In the first part of a special edition of his blog featured on www.theCheckeredFlag.co.uk Dan Wells takes a look back at his season which took him from the UK to Hong Kong, via Twitter.
Hey guys, apologies for this blog being quite late but what with the season finishing in December, and taking some time to relax and recharge my batteries, I hope I can be excused! I’ve been wanting to write a review of our 2012 season to try and give a greater insight into what my team and I do to go racing. One of the greatest bugbears I have is when I say I’ve been busy to people, they ask ‘doing what?!’ Even now, I am sitting in a Starbucks (apologies, I do normally support local businesses but free WiFi and a nice window view make it a good work environment…!) and a friend has just come in. He asked the same question, and when I replied ‘work’ he said ‘Doing what? Surely you just drive a car every now and again…?’ I went on to explain, briefly, the things I do which are necessary to ensure I will get in a racing car again. Never have I driven knowing I was going to be in that car for the whole year, and this I suppose spurs me to work hard and ensure I am there.
This blog is going to be quite open and honest to give a proper insight into what was the most challenging year of my life so far. For Part One of this three part blog I am going to start at the beginning – November 12th 2011 I had just finished as Championship Runner Up in the Formula Renault UK Finals Series at Rockingham circuit, and as I sat in the truck with my trophies, hats and champagne, I just broke down into tears. I’m not normally easily upset, or a very emotional person, but I could not control myself. I love driving cars and I had managed to beat high calibre drivers such as Daniil Kyvat, Josh Hill and Felix Serralles – but while these guys were going to be straight off testing in other series, I would have to raise a lot of funding before I would sit in a car again – and nothing is ever certain. I went home that night and was up until 4am (as I was for 3 weeks, most of my good ideas came to me late at night…) drawing up a 4 page flow chart of what I was going to do, what I needed to achieve it etc. I look back at that now and it is actually 90% accurate, give or take a few minor detours.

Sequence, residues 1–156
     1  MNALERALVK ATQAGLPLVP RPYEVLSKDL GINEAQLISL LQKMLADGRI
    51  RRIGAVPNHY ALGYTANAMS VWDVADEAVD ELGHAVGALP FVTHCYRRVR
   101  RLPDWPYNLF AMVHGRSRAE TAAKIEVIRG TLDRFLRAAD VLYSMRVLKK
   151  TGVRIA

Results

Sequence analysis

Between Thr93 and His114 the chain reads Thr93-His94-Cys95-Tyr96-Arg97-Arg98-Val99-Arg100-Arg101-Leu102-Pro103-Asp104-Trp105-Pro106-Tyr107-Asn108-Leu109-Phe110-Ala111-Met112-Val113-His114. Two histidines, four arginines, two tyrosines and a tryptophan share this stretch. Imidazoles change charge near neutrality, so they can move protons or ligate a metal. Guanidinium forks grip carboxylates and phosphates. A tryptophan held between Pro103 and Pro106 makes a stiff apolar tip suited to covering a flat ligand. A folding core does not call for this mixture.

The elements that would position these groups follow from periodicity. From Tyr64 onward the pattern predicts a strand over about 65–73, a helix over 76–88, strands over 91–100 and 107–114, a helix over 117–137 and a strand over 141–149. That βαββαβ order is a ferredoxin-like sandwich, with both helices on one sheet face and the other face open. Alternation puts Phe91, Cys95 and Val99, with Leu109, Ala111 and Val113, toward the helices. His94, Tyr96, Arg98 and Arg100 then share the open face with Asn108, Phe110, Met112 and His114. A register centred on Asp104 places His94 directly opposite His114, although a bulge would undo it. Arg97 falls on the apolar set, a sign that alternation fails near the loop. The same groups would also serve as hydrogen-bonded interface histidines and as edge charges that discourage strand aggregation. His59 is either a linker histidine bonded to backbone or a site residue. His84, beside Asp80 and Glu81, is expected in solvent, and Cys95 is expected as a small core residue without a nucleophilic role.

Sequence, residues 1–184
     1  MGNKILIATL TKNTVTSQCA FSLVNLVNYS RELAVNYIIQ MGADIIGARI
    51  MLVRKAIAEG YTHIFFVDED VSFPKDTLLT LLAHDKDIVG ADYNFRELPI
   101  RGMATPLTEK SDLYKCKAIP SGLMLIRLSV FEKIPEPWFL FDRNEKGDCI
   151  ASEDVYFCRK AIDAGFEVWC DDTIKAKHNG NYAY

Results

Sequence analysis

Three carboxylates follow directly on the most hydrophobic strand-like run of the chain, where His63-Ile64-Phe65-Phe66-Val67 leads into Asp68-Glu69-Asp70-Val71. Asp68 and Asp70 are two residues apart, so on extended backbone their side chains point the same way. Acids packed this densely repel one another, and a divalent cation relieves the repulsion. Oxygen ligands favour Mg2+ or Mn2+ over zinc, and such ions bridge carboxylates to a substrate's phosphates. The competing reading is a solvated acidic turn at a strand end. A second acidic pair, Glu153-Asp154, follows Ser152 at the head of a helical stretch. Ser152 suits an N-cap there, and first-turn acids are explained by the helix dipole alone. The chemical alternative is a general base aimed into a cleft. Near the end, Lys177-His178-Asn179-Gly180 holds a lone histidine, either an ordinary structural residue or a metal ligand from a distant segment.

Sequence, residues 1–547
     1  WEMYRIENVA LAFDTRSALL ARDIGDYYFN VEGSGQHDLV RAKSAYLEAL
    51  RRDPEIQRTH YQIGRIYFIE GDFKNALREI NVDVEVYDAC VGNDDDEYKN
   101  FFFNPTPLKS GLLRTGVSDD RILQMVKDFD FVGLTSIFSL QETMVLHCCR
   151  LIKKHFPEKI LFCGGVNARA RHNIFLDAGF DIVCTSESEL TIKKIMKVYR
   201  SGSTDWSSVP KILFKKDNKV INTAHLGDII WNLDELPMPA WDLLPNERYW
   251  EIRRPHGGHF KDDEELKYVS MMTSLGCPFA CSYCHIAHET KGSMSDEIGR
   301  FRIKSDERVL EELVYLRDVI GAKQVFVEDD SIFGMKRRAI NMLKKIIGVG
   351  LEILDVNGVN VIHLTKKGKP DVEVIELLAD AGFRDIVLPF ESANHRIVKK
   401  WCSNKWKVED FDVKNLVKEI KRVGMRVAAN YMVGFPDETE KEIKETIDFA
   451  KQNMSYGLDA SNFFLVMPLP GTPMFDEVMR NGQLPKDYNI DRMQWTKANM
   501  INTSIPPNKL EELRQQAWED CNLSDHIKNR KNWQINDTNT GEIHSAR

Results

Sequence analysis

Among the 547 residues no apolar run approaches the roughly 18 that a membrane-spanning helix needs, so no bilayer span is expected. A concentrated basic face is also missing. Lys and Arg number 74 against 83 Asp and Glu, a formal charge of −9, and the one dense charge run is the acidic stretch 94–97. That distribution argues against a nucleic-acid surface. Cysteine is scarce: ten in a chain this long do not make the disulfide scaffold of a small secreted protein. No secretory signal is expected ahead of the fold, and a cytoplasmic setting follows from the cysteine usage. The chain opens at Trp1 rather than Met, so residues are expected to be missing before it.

The first break through
At the time, Rubens Barrichello had just lost his Williams Formula One seat, and his 1.3 million twitter followers weren’t best pleased about it. This gave me an idea – if he used crowd funding then he probably could have bought his seat the next year and stayed driving. So I thought to myself, I need a million fantastic followers and a page where supporters could sponsor me directly. At the time I had 200 followers, but this has now grown organically to 2500. Since the GoFundMe page began, more than 120 individual sponsors have contributed nearly 10,000GBP towards my racing ambition. Here is the interesting thing – without the Gofundme support there is absolutely no way I would have been able to make the move to race in Asia and begin the season, and for that I will be eternally grateful to those who showed their belief and support in me. Some racing journalists started to call me the ‘Twitter Powered Racing Driver’ – and it stuck. I found it to be such a powerful networking device and so just tried to ‘meet’ as many people as possible. As a result of this, BAM Motorsport got in touch with me. This leads to the next paragraph…
One door closes, another one opens
One of the mentions that came through to my Twitter was from BAM Motorsport saying I should get in contact with them to see how they could help me, which I duly did. After a conversation with my now manager David Madgwick over the phone, we had a couple of meetings, including one at the Autosport Show last year. We tried to work on a program in the UK which I was very set on (as I think a lot of drivers are, either UK or Europe focussed). I quickly found that fundraising for this was extremely tough – and 3 months of work culminated in very little reward. Dave suggested that instead of continuing my networking efforts in the UK, I should go to Hong Kong where the business and social environment is more conducive and response. We decided on doing the Formula Renault equivalent ‘Formula Pilota China’ with KCMG, a motor group with racing teams in China, Japan and a HQ in Hong Kong. At first I was rather hostile to the idea given I was the typical driver who was focussed on UK/Europe, but I could soon see the only way I was going to continue my racing career was to follow this path – and as soon as I commit I knew I was doing the right thing.
The 2012 year review will continue next week…